I am a US Qualified Registered Microbiologist-Medical Technologist, operating my own Clinical Lab. I have been an activist advocating consumer, civic, citizen's rights for Thirty plus years & a Frequent contributor to the letters to Editor.

Tuesday, April 13, 2010


13Apr 2010,
The Editor
Times of India
I am writing this on behalf of thousands of worried insurance policy holders whose interests were supposed to be protected first by IRDA and secondly, the insurance companies- national or multinational.
The day's development with the government ordering status quo in the matter of ULIP fund utilization, IRDA or SEBI is only a stop gap
It just fuels apprehensions of the insurance policy holders that the longterm safety of these monies is inadequately protected by governmental regulators in the insurance companies.
And funds management in ULIPs is not all regulated or designed to protect the interests of the insured.
Infact, this is the tip of the iceberg pointing to IRDA's inability or lack of will and power to protect the insured from insurance
companies administration vagaries .
Such concerns have been raised by policy holders earlier with IRDA with no result.
This is very similar to the pension fund mismanagement in the USA where again the pensioners interests were auctioned off by deficient governmental control on fund managers.
More application had to be exercised before permitting the use of any part of insurance premia in the vagaries of stock market.
The small print warning on the nature of ULIP is neither explicit nor implicit consent in view of the seventy percent illiteracy in the country.
In other words, as we see it putting a large portion of the Rs15000 crore industry in Harshad Mehtas' hands.
or issuing a lottery ticket with policy holder's name on it before draw.

It is a telling fact that anomalies were of a noticeable level to attract SEBI attention.
This must have happened since there was minimal or no IRDA control on the insurance companies once their policy
plans were passed.
But it is obvious to a lay insured trying to ensure his interests,that
whatever be the eventual decision by courts at their own pace, the biggest price for all the fun (an)d games will be paid
by the insured.
The las vegas players- read fund managers at the insurance companies,
and IRDA will eventually escape scott free.
When that happens fundamental purpose of IRDA s total existence , namely protecting the insured will have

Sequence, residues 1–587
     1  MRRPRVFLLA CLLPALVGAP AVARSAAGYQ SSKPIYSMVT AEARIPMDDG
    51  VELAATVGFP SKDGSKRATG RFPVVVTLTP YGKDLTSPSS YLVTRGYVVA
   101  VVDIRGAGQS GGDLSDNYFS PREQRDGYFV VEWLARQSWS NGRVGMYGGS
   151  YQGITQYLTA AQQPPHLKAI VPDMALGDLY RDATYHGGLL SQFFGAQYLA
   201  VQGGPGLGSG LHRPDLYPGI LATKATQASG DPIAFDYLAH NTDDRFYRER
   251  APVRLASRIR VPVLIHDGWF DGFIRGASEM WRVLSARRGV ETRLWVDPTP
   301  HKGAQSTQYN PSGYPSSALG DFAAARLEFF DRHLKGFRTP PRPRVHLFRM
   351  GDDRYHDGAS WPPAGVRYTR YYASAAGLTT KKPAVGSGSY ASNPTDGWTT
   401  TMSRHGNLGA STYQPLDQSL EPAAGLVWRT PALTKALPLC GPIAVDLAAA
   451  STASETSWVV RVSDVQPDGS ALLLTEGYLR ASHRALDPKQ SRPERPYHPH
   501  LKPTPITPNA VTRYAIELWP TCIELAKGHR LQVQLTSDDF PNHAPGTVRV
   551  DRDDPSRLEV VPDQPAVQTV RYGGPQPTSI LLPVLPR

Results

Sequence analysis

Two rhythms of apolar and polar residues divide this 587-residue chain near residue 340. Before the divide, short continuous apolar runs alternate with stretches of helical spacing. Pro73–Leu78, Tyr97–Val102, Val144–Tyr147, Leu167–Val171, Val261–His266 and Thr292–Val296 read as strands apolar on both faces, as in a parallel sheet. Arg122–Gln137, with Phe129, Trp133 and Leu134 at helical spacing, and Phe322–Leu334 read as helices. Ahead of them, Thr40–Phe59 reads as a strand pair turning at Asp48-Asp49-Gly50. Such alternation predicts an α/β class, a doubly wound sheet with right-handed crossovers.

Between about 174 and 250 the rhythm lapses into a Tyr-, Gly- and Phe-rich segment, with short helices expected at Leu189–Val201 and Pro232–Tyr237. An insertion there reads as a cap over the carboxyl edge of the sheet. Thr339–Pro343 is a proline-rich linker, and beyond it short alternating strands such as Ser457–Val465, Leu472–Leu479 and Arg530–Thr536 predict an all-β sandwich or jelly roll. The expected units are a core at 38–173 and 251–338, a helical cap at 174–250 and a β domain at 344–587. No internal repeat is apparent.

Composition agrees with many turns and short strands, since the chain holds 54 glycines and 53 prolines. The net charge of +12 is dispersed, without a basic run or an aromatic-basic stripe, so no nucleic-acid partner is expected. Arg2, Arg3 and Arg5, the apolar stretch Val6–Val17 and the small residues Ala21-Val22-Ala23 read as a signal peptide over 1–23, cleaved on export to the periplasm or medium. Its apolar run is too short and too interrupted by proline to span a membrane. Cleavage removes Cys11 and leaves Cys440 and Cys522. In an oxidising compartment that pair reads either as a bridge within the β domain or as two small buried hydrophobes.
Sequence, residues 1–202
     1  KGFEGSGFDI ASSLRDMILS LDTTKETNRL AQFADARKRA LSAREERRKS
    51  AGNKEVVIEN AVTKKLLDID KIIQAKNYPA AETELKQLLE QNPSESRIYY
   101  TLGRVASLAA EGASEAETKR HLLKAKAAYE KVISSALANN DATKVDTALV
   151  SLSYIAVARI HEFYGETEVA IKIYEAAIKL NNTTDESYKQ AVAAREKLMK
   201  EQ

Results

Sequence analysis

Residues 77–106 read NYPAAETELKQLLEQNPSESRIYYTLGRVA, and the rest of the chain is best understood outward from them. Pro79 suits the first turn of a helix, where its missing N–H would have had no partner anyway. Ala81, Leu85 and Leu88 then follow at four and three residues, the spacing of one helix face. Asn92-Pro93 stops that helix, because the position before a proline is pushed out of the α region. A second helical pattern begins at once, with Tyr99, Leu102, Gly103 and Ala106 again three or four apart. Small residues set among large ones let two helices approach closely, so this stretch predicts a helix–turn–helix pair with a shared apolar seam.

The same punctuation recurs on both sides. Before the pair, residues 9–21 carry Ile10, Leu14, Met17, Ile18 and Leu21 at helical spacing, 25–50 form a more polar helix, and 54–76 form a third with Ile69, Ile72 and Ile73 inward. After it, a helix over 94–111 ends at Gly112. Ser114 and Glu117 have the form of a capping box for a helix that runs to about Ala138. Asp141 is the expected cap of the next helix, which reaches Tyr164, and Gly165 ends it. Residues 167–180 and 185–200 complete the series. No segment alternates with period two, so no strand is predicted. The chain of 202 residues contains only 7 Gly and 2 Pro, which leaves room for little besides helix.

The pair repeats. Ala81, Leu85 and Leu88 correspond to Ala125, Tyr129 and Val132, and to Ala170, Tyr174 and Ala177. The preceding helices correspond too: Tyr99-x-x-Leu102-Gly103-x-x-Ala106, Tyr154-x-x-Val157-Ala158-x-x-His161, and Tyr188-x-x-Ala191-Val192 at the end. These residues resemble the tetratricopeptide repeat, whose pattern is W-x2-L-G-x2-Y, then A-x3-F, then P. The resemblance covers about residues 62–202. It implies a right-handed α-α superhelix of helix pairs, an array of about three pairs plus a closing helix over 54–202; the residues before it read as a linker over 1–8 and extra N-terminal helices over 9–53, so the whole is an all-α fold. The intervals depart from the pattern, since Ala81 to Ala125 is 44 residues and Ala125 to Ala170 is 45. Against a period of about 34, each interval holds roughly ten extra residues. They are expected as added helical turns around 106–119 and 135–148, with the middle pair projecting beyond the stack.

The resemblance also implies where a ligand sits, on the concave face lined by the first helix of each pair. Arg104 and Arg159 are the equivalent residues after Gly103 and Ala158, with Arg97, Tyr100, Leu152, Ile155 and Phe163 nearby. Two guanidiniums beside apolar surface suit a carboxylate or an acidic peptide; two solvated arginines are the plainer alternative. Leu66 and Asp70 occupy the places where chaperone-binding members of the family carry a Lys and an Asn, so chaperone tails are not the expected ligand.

been defeated.
This is especially pathetic that this can be been allowed to happen to innocent population's hard earnings.
They were led all these years to believe that government was their big brother taking care of their interests.
They were entitled to more protection merely because of their innocence.
Under these conditions, the government's promise of IRDA will be an empty one.
and the purpose of SEBI futile.
These kinds of 15000 crore rupee games may be affordable to a risky economy like USA.
Definitely not for India barely on the verge of walking.

Sincerely yours
M B Nataraj
BSc,MS (Georgetown University,Wash DC)
MT(American Medical Technologists) USA
Govt orders status quo on ULIP plans
New Delhi: The government on Monday said the two regulators SEBI and IRDA had agreed to maintain the status quo that existed before market regulator’s ban on 14 life insurers from raising funds for unit-linked schemes. The status quo will be maintained till a court decides who can regulate ULIP schemes, finance minister Pranab Mukherjee told reporters here. ULIP is an insurance product in which a bulk of the premiums is invested in equities and bonds. “To resolve any ambiguity and to ensure smooth functioning in the market, the regulators have agreed to jointly seek a binding legal mandate from an appropriate court,” Mukherjee said. “Meanwhile, status quo ante is being restored,” he said. His comments came after meetings between finance ministry officials and IRDA chairman J Hari Narayan and SEBI chief C B Bhave.

Court was the only credible option
Mumbai: The feud between market regulator SEBI and insurance regulator IRDA got a temporary respite on Monday, as the finance minister intervened and both the regulators decided to approach the court over the matter. Experts specialising in securities laws said the two regulators were left with hardly any credible option but to approach the court. On Friday night, SEBI issued an order under sections 11, 11B and 12 (1B) of SEBI Act to bar 14 life insurance companies from selling or even servicing ULIPs till they got themselves registered with the market regulator. Interestingly, SEBI can at best correct the order if there is something wrong with the order or can stay its own order. But "no one has the power to withdraw the order'', pointed out Sandeep Parekh, a former ED at SEBI's legal department and now a faculty member at IIM Ahmedabad. "They cannot even modify the order,'' Parekh added. So the most likely course of action, even if the FM had not brokered a temporary truce between SEBI and IRDA, would have been approaching a high court, in this case the Bombay High Court. As matters stand now, both the regulators will approach appropriate courts to settle the matter. Interestingly, other than the issue of regulating ULIPs, what could also take the centre stage is the long-standing issue of mis-selling of ULIPs by insurance advisors, often with the tacit support of the insurance companies. "In every way, except for the name, ULIPs are investment products,'' said Jayant Thakur, a Mumbai-based chartered accountant specialising in securities-related issues. "At the core of the problem is the issue of mis-selling, mis-leading the insurance buyers with high commission to the sellers. The issue is about controlling misselling of ULIPs,'' Thakur added.


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